Friends of the Island Fox is happy to announce Alexandra DeCandia, Ph.D. is the recipient of FIF's 2020 Research Grant.
You may remember DeCandia's article from April 2020 regarding her doctoral work at Princeton University: Mites, Microbes, and Cancer in Santa Catalina Island Foxes. Microbes can be found on the skin, in the digestive system, and in connection with the body's openings.
A healthy animal has a diversity of microbes. In this way, a single island fox is like an island. If something should happen to the biodiversity of microbes on an individual, the ecosystem on that individual might become out of balance. Some microbes might thrive, while others perish. An imbalance of microbes can impact an animal's overall health.
When island foxes on a specific island go through a near-extinction population bottleneck, there is a potential for a loss of microbe diversity that can be passed on to surviving island foxes.
DeCandia investigated if there was a connection between the diversity of microbes on Catalina Island foxes and an unusual prevalence of cancer in this subspecies.
|Looking into island fox ear canal|
What she found was "evidence of disrupted microbial communities in mite-infected ear canals that may contribute to sustained inflammation." Inflammation can play a role in cancer and this microbial imbalance may be connected to why Santa Catalina Island foxes are the only island foxes known to develop cancerous tumors in their ear canals.
DeCandia's work was published in Molecular Ecology and when she presented her findings at the Annual Island Fox Conservation Working Group Meeting in May of this year, everyone was intrigued. A healthy microbial biome is vital to healthy digestion, immune response to disease, behavior, and even development. Because island foxes on five islands have been through population bottlenecks, where the number of surviving individuals was very low, there is a potential that island foxes on other islands may have disrupted microbial communities as well.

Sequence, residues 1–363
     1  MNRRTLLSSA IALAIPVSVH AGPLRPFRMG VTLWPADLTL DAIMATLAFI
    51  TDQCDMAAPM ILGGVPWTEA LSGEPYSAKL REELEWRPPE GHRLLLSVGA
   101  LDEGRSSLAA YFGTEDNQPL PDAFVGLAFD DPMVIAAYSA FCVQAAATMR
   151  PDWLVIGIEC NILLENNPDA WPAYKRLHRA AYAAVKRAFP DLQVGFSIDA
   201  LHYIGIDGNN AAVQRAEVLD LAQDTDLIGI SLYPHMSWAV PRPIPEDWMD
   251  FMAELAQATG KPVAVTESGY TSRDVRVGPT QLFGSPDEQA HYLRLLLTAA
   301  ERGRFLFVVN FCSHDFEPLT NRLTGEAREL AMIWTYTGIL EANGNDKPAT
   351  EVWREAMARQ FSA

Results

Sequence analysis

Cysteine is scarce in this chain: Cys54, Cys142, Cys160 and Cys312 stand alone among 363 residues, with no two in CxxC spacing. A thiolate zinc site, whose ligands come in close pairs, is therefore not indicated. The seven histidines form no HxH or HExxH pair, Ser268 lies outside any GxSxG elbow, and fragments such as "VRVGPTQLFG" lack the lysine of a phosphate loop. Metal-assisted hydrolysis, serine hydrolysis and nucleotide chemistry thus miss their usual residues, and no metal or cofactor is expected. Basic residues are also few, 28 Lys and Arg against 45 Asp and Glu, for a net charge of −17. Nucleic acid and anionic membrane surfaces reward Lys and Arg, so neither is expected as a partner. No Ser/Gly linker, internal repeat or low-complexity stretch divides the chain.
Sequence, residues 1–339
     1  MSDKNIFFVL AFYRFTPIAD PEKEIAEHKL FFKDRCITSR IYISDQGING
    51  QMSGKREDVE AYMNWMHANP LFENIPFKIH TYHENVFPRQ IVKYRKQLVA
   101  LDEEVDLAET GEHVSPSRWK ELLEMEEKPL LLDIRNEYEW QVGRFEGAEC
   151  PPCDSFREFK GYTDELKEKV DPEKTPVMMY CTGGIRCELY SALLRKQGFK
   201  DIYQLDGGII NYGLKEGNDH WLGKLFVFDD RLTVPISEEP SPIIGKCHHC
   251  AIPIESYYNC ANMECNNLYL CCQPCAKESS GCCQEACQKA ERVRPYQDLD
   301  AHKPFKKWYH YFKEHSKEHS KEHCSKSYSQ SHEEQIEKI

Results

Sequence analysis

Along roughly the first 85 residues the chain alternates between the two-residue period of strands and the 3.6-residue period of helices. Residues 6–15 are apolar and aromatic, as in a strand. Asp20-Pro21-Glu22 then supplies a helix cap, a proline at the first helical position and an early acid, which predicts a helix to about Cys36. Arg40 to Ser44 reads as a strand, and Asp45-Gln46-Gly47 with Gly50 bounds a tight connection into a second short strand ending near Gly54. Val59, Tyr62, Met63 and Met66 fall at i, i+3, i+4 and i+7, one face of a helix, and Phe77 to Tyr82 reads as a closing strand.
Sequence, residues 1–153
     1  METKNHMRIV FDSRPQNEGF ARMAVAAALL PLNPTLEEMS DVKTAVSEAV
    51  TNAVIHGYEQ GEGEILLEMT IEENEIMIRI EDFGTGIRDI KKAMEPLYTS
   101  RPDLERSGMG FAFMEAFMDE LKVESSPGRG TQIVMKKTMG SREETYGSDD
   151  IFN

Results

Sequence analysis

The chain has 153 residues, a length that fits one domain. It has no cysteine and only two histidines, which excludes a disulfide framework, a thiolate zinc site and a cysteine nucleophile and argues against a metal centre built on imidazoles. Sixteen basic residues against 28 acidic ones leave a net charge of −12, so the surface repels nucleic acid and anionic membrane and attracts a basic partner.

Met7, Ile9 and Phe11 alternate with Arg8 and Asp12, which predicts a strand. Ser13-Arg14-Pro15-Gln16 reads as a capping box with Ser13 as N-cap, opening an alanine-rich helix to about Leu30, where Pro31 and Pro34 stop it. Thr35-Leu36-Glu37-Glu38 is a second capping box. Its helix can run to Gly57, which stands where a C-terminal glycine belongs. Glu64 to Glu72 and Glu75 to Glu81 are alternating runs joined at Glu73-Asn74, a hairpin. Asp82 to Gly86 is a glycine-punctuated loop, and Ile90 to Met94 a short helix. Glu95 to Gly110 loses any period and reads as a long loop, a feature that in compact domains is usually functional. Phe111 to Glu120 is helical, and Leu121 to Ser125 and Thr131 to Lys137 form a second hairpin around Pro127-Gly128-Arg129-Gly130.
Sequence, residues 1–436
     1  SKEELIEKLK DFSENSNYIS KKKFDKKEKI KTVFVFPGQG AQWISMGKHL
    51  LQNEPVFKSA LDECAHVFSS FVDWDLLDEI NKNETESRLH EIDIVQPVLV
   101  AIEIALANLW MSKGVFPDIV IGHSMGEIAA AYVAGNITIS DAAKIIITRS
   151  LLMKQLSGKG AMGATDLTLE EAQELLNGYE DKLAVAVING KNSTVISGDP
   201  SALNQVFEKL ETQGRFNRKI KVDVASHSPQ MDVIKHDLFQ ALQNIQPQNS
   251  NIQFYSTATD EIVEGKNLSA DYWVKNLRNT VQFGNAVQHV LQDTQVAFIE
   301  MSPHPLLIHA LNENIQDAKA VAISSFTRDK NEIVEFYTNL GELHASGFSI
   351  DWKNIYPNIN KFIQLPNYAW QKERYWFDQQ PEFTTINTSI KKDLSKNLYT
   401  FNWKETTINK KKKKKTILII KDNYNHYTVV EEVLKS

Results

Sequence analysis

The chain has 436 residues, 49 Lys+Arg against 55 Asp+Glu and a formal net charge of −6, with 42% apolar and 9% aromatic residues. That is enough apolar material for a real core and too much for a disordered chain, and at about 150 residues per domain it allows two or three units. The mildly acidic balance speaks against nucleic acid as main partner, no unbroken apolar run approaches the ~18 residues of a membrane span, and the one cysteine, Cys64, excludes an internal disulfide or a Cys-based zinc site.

As island foxes are counted and given health checks across the islands this year, they are also getting swabbed for microbes in their ear canals and at their anuses. DeCandia describes the process as "similar to cleaning your ears with a cotton swab, except you don't throw away the swab afterwards." The swab samples will be sent to DeCandia at the Smithsonian Conservation Biology Institute in Washington D.C.
|DeCandia in the lab|
FIF Research Grant funding will be used to extract DNA samples and process DNA sequencing to identify the various microbes in island fox ear canals and digestive systems.
This investigation provides a unique opportunity to do comparative analyses between subspecies of island foxes on different islands. DeCandia hopes to:
- survey variation of microbes within island foxes on each island
- characterize the differences between islands
- identify the drivers of ear canal tumors on Santa Catalina Island
This work is at the cutting edge of science and may have important consequences for the long term survival of the island fox.
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This is Science, For Fox Sake!